Well, where do you start, the feeling I get from WP8 is that it’s where Android was when FroYo was introduced. WP8 still doesn’t have the market share that demands developer attention, but it’s starting to get it.

There’s a big hole with major apps missing. The recent announcements at Nokia World of Instagram, Flipboard and Vine coming to WP8 are a big win for the platform and more are coming, but there’s still countless other Apps and functions that are missing.

The good news for WP8 is that there is a good core of dedicated WP8 advocates who are also developers that are working to bring missing functions and Apps to WP8. Apps like FileBox(DropBox), MetroTube(YouTube), IM+(Google Hangouts) and so on, are there but then you run into other issues. The downside to third party developers building these Apps is that you aren’t guaranteed support, if the owner of the service (YouTube, Instagram or any others) decides to change the reverse engineered API that they’re using then you have no recourse.

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The argument expunded by Windows Phone fans for support from larger App developers is that they – Google, Instagram et al – should just make the App and release it for WP8, but with a market share that is less than 10% worldwide, where is the business incentive to do so?

As a long term Android user, we’ve been through this lack of Apps and personally I see that proliferation of Apps to the platform is certainly proceeding a bit quicker than it did when Android wasn’t the dominant mobileOS. Both Pizza Hut and Ticketek have even released a Windows Phone App before releasing an Android App and with Microsoft’s deep pockets I’m sure they are heavily invested in bringing more Apps to their platform as soon as possible.

Nokia Lumia 925

  • 4.5″ 1280×768 @ 334 ppi, PureMotion HD+ OLED Display at 15:9AR
  • 1.5 GHz Qualcomm Snapdragon S4
  • 1 GB RAM
  • 16GB On-board Storage
  • 8.7 MP PureView Rear Camera with Dual LED flash, 1.2MP 1280 x 960 Front Facing camera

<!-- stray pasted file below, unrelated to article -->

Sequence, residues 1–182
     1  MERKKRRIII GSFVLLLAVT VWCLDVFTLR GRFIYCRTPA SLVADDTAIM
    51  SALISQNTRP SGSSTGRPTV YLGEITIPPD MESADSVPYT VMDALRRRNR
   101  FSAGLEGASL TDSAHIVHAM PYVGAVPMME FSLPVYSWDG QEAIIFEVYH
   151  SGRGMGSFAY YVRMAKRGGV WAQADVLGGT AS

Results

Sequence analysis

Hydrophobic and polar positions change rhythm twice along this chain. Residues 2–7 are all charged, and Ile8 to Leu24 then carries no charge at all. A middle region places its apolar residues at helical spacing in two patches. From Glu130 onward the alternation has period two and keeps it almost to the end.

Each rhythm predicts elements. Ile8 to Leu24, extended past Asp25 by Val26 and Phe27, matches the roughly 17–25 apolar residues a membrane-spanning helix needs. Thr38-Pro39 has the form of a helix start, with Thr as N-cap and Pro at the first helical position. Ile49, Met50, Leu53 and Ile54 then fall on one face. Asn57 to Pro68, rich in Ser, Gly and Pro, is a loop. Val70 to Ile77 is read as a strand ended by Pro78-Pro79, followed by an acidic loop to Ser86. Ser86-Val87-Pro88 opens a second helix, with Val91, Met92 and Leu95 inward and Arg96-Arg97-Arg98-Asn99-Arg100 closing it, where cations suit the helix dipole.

• WiFi IEEE 802.11 a/b/g/n, Bluetooth 3.0, NFC, A-GPS, A-GLONASS
  • FM Radio
  • 2000 mAh Battery
  • Windows Phone 8
  • 129×70.6×8.5 @ 139grams

Conclusion

Going into the is review, I had mixed feelings. As an ex-Windows Mobile 5/6 user I was a fan of the previous Microsoft mobile platform but hadn’t actually had a huge amount of exposure to WP7/7.5 or 8 so this was a good opportunity to see what is on offer and I was actually pleasantly surprised overall.

WP8 has some quite easy to use parts and things that are attractive, the consistent look and feel are certainly a bonus, it’s fairly easy to navigate through the OS, but there are definitely a lot more things that can be improved before I can personally use it on an ongoing basis.

Hardware wise, the Nokia Lumia 925 is an excellent piece of hardware and spending this time with the Lumia 925 just makes me wonder what could have been with another OS(Read Android) on board.

The recent purchase of Nokia by Microsoft will see new models, challenges and hopefully new functionality. A third mobile OS on the market will certainly encourage innovation from the two largest encumbent vendors. I look forward to seeing what Microsoft and Nokia designers can come up with in the future.

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  • vijay alapati

    I Guess the Cons are only valid if ur looking from a Android user prospective….else come on…this is a gd handset (not best), all we now need to do is to pray that the Nokia Microsoft deal to fail…..so that Nokia will then consider the implement Android on the next gen handsets :)

    • http://ausdroid.net/ Daniel Tyson

      Agree 100% the hardware is good, it’s the WP8 that isn’t for me.

      • JeniSkunk

        Dan, why wasn’t ‘Lack of customization capability’ listed as a Con?
        You make specific mention of this limitation in the review, but it isn’t listed as an actual Con.

  • chris

    Really USB port on the top is good.. are you mad… I accept everyone has personal tastes but what about a dock ? having the USB port on the top does not work for me at all. Also headphone jack on the bottom is just painful.. Nicely written though and well done to remain open to alternatives.